The bottleneck is in my time evolution function. I am using an explicit 8th order Runge-Kutta scheme (Dormand-Prince), solving the following ODE: \vec{\dot S}_\alpha(\vec R) = - \vec S_\alpha(\vec R)\times \sum_{\beta \vec R'} J_{\alpha\beta}(\vec R' - \vec R) \vec S_\beta(\vec R') .

At each site in the lattice, there is a spin, stored as a unit 3D vector. In the previous expression, “x” is the cross product of 3D vectors.

I applied common performance tips (from the Julia manual), including checking the ambiguous types with @code_warntype, avoiding cache misses with properly ordered nested loops and so one.

I currently achieve 170 ms per RK step on a system of 3 * 144^2 = 62K spins. I would like this number to go down as much as possible (it should apparently be possible to do it in a few ms).

I would suggest providing a MWE. If possible provide a MWE of that function working. You then will probably get lots of advices here.

For example, one line like this:

uold = v[:, s, i, j]

is allocating a new array inside a loop and probably one would advice to use a view or something else, but I have no idea if that is relevant for the overall performance of the code.

(edit: I see that you have pointed to the that specific function there now, still a MWE would be good)

Indeed there are many places in my code where I do not use views yet. I will change it soon. However, this is in the Monte Carlo part of my program, which is fast enough for now. The slow part is the semiclassical dynamics, which (I think) I made sure I use @views whenever needed.

For me the bottleneck is in my function makef. My function to do the RK8 step is dormandprince(f, v, dt), and accepts as first parameter a function f, taking a state vector, and returning its time derivative.
To construct this function for a given hamiltonian, I use makef:

"Build the function representing the time derivative of v"
function makef(H)
# give it a name for the profiler
function f(v)
Ns = size(v)[2]
L = size(v)[3]
ret = zeros(3, Ns, L, L)
for j in 1:L
for i in 1:L
for s in 1:Ns
@views ret[:, s, i, j] = localfield(H, v, i, j, s) × v[:, s, i, j]
end
end
end
ret
end
end

include("scmc.jl")
const H = loadhamiltonian("hamiltonians/kagome.dat", [1])
const L = 144
const f = makef(H)
v = randomstate(H.Ns, L)
@time dormandprince(f, v, 0.1) # advance 0.1s in time the state vector v

I won’t have time to test things now. But for that specific function, I see two possible improvements: if ret is a small array (not sure about the sizes of Ns and L, then you can try using a static array. If ret is a big array, is is very likely that preallocating it will provide a good speedup.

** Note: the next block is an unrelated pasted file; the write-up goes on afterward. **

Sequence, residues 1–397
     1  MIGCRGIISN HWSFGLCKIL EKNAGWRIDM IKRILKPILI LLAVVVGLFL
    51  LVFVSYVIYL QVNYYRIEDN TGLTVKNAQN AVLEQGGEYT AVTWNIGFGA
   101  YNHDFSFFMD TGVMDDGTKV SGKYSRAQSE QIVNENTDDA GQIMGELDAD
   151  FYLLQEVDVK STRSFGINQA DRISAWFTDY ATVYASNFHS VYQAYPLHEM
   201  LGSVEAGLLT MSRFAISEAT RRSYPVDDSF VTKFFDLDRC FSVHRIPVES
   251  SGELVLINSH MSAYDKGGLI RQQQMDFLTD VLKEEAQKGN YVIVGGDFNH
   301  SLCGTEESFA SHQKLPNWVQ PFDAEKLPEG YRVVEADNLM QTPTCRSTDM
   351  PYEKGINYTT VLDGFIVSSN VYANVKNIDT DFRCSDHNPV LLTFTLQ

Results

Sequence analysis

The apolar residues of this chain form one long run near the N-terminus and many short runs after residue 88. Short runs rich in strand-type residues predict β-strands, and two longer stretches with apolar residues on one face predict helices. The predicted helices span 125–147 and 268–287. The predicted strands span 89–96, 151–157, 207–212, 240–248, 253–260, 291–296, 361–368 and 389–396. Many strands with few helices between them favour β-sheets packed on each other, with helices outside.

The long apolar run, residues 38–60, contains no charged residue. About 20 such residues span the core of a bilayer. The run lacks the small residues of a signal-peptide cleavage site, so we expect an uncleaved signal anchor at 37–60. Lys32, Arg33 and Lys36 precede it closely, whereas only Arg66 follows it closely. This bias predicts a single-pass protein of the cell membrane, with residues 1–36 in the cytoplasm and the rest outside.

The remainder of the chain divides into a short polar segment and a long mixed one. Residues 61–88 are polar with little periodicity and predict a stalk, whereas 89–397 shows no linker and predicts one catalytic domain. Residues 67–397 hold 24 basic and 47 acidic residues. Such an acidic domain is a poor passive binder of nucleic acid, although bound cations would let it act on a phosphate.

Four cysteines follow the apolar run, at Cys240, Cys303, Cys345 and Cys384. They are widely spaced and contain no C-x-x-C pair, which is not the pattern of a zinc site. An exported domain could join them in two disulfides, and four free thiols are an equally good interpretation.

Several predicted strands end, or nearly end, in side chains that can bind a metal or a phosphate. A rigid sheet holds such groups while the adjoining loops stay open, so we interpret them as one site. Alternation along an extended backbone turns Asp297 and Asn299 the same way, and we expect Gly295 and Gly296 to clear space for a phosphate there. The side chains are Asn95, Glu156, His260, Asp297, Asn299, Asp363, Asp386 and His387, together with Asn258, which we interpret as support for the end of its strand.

If that function is called many times, you should try to make it not allocate anything.

Looking more closely, it is likely that you want ret to be an array of static arrays of dimension 3. And v and H probably as well. That way the cross product will be non-allocating:

julia> function xp(x,y,z)
for i in eachindex(x)
z[i] = x[i] × y[i]
end
end
xp (generic function with 1 method)
julia> z = [ zeros(SVector{3,Float64}) for i in 1:10 ];
julia> x = [ rand(SVector{3,Float64}) for i in 1:10 ];
julia> y = [ rand(SVector{3,Float64}) for i in 1:10 ];
julia> @btime xp(x,y,z)
26.526 ns (0 allocations: 0 bytes)

The analogous of what you are doing is:

julia> function xp(x,y)
z = similar(x)
for i in eachindex(x)
z[i] = x[i] × y[i]
end
z
end
xp (generic function with 1 method)
julia> x = [ rand(3) for i in 1:10 ];
julia> y = [ rand(3) for i in 1:10 ];
julia> @btime xp(x,y);
296.653 ns (11 allocations: 1.25 KiB)

Note that the Dormand-Prince 8-7 is very suboptimal, and the 8-5-3 is still pretty suboptimal in comparison to some of the newer Verner schemes. In this range I would usually recommend Vern7 or Vern9 given the benchmarks.

I’ll probably change to another scheme later. I’ve chosen Dormand Prince since my goal is to reproduce results from a paper (https://arxiv.org/pdf/1403.7903.pdf) which uses DP.

I first tried to skip the allocation in the function f (and in dormandprince) though it did not have a significant speedup somehow. I’ve now rework the code to use static vectors, and it works !

I am not sure if I can suggest this because the new code with the branch became confusing to me. But I think you can define v (from randomstate) as a vector of static vectors as well, and that will probably accelerate that function.

Or, at least, use broadcasting there, because otherwise you might be allocating a vector on the right of

ret += c * v[s2, wrapindex(i + Δi, L), wrapindex(j + Δj, L)]

(I suppose v[i,j,k] here is returning a vector). If c is a scalar and both v[i,j,k] and ret are static arrays, this will be fast and non-allocating. If v[i,j,k] returns a standard array you might be allocating c*v at each iteration. You can at least avoid that by making ret a mutable array (MArray or simply a standard array of dimension 3) and broadcasting (ret .+= c .* v[i,j,k]).

After being sure that that loop is not allocating anything (suggestion) you may try to use inbounds, simd, to see if you can get any speedup there.